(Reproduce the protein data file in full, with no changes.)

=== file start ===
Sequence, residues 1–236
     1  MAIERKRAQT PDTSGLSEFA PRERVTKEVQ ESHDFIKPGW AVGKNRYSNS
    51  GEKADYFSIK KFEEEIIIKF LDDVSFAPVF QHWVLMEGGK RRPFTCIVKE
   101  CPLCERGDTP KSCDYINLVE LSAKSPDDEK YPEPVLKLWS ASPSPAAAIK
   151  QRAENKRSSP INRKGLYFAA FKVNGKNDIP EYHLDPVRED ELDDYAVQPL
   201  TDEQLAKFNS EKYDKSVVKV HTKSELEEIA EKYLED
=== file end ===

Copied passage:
Sequence, residues 1–236
     1  MAIERKRAQT PDTSGLSEFA PRERVTKEVQ ESHDFIKPGW AVGKNRYSNS
    51  GEKADYFSIK KFEEEIIIKF LDDVSFAPVF QHWVLMEGGK RRPFTCIVKE
   101  CPLCERGDTP KSCDYINLVE LSAKSPDDEK YPEPVLKLWS ASPSPAAAIK
   151  QRAENKRSSP INRKGLYFAA FKVNGKNDIP EYHLDPVRED ELDDYAVQPL
   201  TDEQLAKFNS EKYDKSVVKV HTKSELEEIA EKYLED